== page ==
Both Morag and Annie stared at him in shock.

‘Are you serious?’ Morag exclaimed. ‘Then who did?’

 ‘You said there was an eyewitness, when your mum was shot, didn’t you?

‘Yes’. Morag hesitated. ‘But she wasn’t reliable, because she had bad eyesight. All she could remember,  was a red bushy beard and hair. Nothing else’.

‘Yes , there was. There was nothing wrong with her hearing, was there?’

‘No. What do you mean?’

‘What did she hear?’

‘She said she heard him give a loud sort of cackling laugh’. Morag said, wonderingly.

Simon looked at his sister. ‘Annie, do you remember the only time that we ever saw Doctor Wrist face to face?’

Annie nodded. ‘It was during the battle under the pier. When we took the talisman away from him. He had red hair and a beard, but his hair was tied back in a sort of ponytail. He had these silvery eyes. And he laughed at us. It was a sort of horrible, long, shrieking laugh. Oh!’ She suddenly realised what Simon was saying.

Simon turned back to Morag. ‘It was Grandfather Wrist who murdered your mother, Morag. But he’s dead. He’s gone. I killed him, Morag. That night in Hyperborea when he shot me’.

‘And he nearly killed you!’ Annie cried, venomously. ‘God, I really thought I’d lost you, Simon!’

He was still looking at Morag, who was looking down at her hands in front of her on the table.

‘I’m sorry. Morag. It only occurred to me last night after you said that the murdering bastard who killed your mum was in that pub. That’s when I realised. Morag, it was self-defence. He’d shot me, and he was going to finish me off. I had to do it, Morag. But he’s gone, Morag. He’ll never hurt anyone again’.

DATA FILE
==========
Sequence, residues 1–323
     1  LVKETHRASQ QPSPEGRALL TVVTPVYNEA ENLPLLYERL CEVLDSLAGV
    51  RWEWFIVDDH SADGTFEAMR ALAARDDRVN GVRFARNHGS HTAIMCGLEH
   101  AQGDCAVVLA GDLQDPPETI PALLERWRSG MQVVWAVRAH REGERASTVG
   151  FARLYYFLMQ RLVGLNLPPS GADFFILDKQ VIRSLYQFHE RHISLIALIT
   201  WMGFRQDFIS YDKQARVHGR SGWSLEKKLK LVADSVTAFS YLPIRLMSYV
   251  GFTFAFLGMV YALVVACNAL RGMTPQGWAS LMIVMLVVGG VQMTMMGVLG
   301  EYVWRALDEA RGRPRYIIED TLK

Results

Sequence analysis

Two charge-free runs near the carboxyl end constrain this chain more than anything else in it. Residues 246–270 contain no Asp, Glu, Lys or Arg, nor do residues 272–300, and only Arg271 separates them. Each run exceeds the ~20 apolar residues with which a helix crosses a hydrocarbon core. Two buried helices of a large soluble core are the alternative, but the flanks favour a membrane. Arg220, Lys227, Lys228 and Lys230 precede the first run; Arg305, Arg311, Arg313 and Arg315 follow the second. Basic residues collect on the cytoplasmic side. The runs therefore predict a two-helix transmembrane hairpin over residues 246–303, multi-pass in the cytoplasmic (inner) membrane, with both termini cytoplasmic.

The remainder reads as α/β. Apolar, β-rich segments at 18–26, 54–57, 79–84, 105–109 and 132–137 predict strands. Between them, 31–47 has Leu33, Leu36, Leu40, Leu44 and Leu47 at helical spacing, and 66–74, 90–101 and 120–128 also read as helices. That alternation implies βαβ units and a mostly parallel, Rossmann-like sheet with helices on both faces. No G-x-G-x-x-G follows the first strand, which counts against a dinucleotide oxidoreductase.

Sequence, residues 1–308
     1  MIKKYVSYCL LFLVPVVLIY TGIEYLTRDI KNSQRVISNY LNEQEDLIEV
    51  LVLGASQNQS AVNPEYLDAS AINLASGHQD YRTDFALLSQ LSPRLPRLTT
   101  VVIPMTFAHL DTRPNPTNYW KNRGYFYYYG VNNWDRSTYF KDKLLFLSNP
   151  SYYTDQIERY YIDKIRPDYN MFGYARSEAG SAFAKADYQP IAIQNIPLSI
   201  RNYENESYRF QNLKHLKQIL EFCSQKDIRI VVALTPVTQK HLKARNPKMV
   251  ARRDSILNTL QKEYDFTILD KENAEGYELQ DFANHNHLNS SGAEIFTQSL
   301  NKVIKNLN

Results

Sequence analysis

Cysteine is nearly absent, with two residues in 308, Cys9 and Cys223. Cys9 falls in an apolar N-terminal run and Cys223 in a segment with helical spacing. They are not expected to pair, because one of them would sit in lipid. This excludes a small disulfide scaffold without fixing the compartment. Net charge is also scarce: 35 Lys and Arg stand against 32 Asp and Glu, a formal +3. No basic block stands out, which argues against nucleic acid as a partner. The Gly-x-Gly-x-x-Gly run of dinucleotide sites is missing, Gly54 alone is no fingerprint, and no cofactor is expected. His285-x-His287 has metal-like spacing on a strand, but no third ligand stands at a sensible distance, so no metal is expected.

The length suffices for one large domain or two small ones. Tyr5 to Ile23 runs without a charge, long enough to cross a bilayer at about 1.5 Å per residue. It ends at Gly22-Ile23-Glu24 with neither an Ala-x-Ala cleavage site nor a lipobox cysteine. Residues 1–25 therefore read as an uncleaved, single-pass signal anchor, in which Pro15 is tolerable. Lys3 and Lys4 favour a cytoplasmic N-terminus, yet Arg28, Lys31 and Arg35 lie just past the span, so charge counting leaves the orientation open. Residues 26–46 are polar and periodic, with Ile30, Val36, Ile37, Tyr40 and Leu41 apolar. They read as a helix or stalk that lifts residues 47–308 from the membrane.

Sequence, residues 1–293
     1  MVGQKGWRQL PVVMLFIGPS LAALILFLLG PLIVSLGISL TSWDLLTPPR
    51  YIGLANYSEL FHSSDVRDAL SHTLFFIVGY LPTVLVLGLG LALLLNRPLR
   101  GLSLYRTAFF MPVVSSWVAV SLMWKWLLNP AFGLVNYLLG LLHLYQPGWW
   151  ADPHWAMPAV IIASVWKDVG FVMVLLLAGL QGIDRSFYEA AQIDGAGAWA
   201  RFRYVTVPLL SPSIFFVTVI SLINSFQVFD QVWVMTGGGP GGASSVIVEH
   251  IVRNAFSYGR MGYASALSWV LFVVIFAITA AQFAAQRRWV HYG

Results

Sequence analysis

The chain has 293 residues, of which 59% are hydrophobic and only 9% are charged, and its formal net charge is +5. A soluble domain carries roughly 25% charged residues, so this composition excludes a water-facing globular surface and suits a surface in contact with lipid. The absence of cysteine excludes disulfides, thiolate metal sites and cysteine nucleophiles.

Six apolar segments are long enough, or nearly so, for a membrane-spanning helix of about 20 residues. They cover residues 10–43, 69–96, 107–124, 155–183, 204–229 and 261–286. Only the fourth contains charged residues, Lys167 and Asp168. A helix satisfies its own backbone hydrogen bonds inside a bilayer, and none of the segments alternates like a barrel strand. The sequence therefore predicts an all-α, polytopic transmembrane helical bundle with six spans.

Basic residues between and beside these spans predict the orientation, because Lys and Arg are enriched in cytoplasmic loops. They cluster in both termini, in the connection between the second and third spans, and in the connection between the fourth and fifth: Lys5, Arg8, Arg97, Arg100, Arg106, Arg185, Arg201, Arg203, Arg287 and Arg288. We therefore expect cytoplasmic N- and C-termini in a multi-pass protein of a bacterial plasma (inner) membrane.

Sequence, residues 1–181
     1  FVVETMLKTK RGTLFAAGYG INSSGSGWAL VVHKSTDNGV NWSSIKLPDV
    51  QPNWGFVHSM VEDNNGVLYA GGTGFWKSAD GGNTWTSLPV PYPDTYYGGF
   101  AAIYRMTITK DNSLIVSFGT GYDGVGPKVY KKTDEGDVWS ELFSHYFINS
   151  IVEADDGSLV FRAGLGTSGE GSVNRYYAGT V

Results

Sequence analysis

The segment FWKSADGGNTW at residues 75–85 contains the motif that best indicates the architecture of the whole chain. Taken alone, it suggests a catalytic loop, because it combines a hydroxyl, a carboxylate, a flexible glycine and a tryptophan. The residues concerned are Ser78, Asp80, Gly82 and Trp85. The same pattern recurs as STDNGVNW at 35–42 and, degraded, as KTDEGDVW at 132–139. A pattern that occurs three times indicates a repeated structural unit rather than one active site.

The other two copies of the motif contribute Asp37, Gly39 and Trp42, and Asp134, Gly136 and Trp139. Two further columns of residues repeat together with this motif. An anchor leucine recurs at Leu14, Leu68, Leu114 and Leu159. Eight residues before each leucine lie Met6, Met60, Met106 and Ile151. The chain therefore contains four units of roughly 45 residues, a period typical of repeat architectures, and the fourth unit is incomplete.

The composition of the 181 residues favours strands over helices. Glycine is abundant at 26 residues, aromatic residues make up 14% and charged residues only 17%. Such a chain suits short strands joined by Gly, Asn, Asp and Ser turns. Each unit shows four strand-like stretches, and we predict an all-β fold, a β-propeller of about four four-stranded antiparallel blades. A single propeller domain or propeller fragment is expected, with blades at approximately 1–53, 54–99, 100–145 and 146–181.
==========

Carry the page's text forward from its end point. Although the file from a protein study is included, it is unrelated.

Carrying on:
‘Like your poor Annabelle, over a hundred years ago, and Rosamund’s family, and Morag’s mother, together with others’. Annie said very softly.

‘We’re truly sorry about what we did to you, Morag. We really are. It will never happen again. Please forgive us’. Simon added, also very softly. Then hesitantly, he spoke again. ‘I hope that it might give you some sense of closure, perhaps’. His voice was sad. ‘I know it won’t bring your mother back’.

‘And some peace of mind, Morag. We hope it will, for your sake’. Annie added, equally sadly.

Morag continued to look at her hands. ( Dear God, I owe my brother and sister so much!)  She raised her head. Her eyes were brimming with tears.

‘Of course I forgive you. There’s nothing to forgive. Thank you, Simon, for telling me. At least that’s another murderer off the streets’.

Annie motioned that they ought to go. But at the door, Simon paused and looked back.

‘What are you going to tell the Brotherhood? he asked.

‘I don’t know yet’. She looked at him and smiled a slightly sly, somewhat wicked little smile. For a few moments, the bond of sympathy and the empathy between them was restored.

‘But I think that I might really rather enjoy it’.

Simon smiled back, and followed his sister.


Frank Jackson (09/10/2011) Word Count – 11351.



Entrance to the giant forest.


The route down through the giant forest.